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The Obituary of Dean Barker, died April 1, 2066

May 12, 2015 People

MT0415DeanBarkerfinal This story was first published in the April 2015 issue of Metro. Illustration by Daron Parton.


Legendary space cowboy Dean Barker has gone missing somewhere on the far side of Uranus. He was 94.

Yachting made him wealthy, famous and miserable. He won his first international yachting regatta when he was three and by the age of 12 he had won every great trophy in the world with the word “yacht” on it.

Barker was at the helm in the final winning race to defend the America’s Cup in 2000. “One day, son,” his boss, Russell Coutts, told him, “all this will be yours.” Barker was so ecstatic, so thrilled, so exultant, he allowed himself a faint upturned curl of a smile.

Barker would soon find that “all this” was a vale of tears, an endless trail of demanding wealthy sponsors and years and years of stress, chasing the America’s Cup from one glittering harbour to another.

Try as he might, there always seemed to be that one competitor sailing a faster boat, hiring more skilful people. The underhandedness was almost more than the nation could bear. At times, Barker just had to let it all go and frown a little.

He gave it his all, but after a short decade and a half culminating in the greatest choke in world sporting history (or a bit of bad luck, depending on who you asked) and still no trophy in the cabinet, Barker was out.

The nation felt dreadful for him, quietly putting the Cricket World Cup on mute during drinks breaks to worry what might become of him and his glamorous family and their various houses and investments.

He drifted for a time, a hired sailing gun for various billionaires, but his heart was no longer in it. He thought about buying a New World supermarket as other retired sports stars had done, starting out in the fruit and veg section in a short-sleeved shirt and tie and working his way up, but he decided in the end it would be simpler just to buy the whole chain.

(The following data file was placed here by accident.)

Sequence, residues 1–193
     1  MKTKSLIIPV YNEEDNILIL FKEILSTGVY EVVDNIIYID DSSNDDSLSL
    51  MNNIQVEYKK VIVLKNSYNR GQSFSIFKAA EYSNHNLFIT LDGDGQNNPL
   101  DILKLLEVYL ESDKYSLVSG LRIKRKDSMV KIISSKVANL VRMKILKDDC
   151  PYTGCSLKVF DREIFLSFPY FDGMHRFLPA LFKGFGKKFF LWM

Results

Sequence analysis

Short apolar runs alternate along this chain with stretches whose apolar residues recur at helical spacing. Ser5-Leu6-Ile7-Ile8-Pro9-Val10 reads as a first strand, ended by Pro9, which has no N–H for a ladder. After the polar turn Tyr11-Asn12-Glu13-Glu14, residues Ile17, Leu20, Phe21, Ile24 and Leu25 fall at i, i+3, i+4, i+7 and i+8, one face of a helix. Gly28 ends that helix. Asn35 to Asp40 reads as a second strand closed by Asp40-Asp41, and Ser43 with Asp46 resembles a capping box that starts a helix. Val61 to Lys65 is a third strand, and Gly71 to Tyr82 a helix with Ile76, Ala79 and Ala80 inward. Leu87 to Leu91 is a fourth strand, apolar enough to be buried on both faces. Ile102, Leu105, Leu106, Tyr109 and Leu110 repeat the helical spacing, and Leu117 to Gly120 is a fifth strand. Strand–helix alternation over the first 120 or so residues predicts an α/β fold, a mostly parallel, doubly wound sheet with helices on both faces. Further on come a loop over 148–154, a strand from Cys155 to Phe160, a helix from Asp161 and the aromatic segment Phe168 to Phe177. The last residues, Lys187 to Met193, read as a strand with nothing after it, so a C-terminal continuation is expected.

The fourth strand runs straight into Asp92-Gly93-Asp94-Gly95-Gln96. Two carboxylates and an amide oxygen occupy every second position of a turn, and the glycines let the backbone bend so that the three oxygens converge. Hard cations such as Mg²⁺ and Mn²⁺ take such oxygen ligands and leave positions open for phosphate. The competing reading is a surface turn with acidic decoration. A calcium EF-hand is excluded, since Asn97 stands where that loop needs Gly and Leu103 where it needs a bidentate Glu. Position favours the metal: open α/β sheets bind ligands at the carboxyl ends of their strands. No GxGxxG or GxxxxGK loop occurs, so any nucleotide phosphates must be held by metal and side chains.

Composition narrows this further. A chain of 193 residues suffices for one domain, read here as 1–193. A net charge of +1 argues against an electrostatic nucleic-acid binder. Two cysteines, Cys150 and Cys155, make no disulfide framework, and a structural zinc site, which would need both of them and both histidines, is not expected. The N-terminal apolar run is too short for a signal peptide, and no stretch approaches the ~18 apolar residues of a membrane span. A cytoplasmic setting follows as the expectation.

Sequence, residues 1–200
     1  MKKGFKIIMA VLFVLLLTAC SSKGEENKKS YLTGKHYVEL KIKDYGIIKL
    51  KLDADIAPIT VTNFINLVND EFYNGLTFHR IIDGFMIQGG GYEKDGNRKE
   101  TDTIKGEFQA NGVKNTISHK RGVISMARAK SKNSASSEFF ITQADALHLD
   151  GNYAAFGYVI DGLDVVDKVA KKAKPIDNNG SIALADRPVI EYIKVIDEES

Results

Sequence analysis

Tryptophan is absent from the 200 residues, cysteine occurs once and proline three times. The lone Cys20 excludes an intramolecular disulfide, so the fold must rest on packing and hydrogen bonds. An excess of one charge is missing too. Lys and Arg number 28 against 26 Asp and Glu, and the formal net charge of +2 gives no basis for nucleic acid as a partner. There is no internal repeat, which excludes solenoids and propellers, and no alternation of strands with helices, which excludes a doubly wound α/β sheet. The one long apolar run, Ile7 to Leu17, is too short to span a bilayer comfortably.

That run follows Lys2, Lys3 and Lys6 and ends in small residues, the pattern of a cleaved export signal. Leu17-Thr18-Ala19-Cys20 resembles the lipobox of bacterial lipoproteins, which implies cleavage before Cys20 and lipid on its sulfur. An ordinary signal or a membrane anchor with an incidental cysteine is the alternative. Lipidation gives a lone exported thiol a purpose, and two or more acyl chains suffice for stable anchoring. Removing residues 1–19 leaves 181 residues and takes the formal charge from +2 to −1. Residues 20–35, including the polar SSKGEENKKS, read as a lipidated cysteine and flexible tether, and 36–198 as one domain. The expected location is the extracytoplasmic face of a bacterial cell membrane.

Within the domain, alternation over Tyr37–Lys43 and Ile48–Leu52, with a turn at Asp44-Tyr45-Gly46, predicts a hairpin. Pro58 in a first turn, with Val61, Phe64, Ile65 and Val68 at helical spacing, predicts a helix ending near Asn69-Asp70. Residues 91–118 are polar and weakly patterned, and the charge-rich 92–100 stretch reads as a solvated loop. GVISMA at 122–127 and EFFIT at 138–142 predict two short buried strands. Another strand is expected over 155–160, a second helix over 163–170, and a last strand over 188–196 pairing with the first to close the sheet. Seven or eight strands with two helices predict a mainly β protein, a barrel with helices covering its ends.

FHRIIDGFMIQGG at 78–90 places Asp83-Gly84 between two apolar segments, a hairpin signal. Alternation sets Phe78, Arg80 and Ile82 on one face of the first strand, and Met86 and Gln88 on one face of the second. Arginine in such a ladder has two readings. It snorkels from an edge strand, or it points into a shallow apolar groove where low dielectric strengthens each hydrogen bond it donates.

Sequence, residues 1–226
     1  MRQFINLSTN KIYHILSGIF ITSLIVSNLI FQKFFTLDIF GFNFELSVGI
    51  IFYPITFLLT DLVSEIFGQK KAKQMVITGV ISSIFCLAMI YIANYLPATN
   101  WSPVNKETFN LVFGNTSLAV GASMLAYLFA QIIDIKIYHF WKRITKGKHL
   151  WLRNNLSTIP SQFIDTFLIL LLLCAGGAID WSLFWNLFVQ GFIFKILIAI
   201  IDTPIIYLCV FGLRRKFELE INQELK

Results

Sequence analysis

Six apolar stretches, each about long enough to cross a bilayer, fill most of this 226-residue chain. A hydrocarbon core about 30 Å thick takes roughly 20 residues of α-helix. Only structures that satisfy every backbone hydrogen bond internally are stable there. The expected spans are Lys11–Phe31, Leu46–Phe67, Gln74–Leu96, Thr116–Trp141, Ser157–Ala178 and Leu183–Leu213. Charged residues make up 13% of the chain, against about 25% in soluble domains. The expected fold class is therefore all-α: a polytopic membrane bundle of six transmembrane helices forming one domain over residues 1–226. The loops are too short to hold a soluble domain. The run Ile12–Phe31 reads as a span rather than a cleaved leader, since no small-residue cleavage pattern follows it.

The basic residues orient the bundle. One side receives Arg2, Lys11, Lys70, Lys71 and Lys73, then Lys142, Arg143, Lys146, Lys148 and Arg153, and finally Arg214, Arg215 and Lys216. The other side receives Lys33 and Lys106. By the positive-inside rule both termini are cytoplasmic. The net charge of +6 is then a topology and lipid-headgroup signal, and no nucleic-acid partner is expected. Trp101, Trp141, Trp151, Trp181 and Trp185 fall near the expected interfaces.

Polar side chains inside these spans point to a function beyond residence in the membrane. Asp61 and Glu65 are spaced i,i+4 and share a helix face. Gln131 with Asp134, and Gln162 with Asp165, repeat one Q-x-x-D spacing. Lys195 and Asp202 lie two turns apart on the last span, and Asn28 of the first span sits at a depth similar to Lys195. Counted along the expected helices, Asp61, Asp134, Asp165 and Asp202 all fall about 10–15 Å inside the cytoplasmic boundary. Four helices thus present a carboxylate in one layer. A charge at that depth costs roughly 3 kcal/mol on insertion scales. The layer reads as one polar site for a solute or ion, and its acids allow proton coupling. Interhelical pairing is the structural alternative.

It was a good earner, but dull, and when Richard Branson rang with an interesting offer, he almost raised his voice to accept.

The ultra-wealthy had acquired a new plaything: spaceships. Would Dean be interested in racing one? Would he? “Beam me up, Richard,” he said, attempting a small joke. He had to spend the next five minutes reassuring Branson he’d rung the right number.

Soon they were all out there, all the big names — Russell Coutts, Jimmy Spittle, that guy from Luna Rossa — all pushing their space yachts to the limit, all taking each other to court.

Space yachting was a massive ratings success. It was the ultimate test of courage and extreme wealth. Just as they did with Formula One racing, people professed to admire the pilots’ technique but what they actually loved was the possibility that someone would crash out of the race and hurtle into the darkness. In space, with 40 cameras on you, everybody could hear you scream. To their credit, people generally felt a bit bad afterwards, except when it happened to Larry Ellison.

Barker adapted swiftly to racing in zero gravity. In space, he found his Spock-like qualities made him the one to beat. He could spin a space yacht like no one else, he could do acrobatics with his eyes closed; nothing seemed to faze him.

Only one space yachtsman could still best him, and that was Russell Coutts. Playing up to the spectators, Coutts would foment happy mischief in all kinds of ways. Turbo boosters would mysteriously misfire, helmets would go missing, you would find yourself being steered towards a comet.

Barker almost always retained his impassive Spock face, except for the day he found himself 13 light years from home with sugar in the fuel tank.

“It’ll be Coutts again,” the audience heard him say. “That guy is starting to piss me off a bit.”


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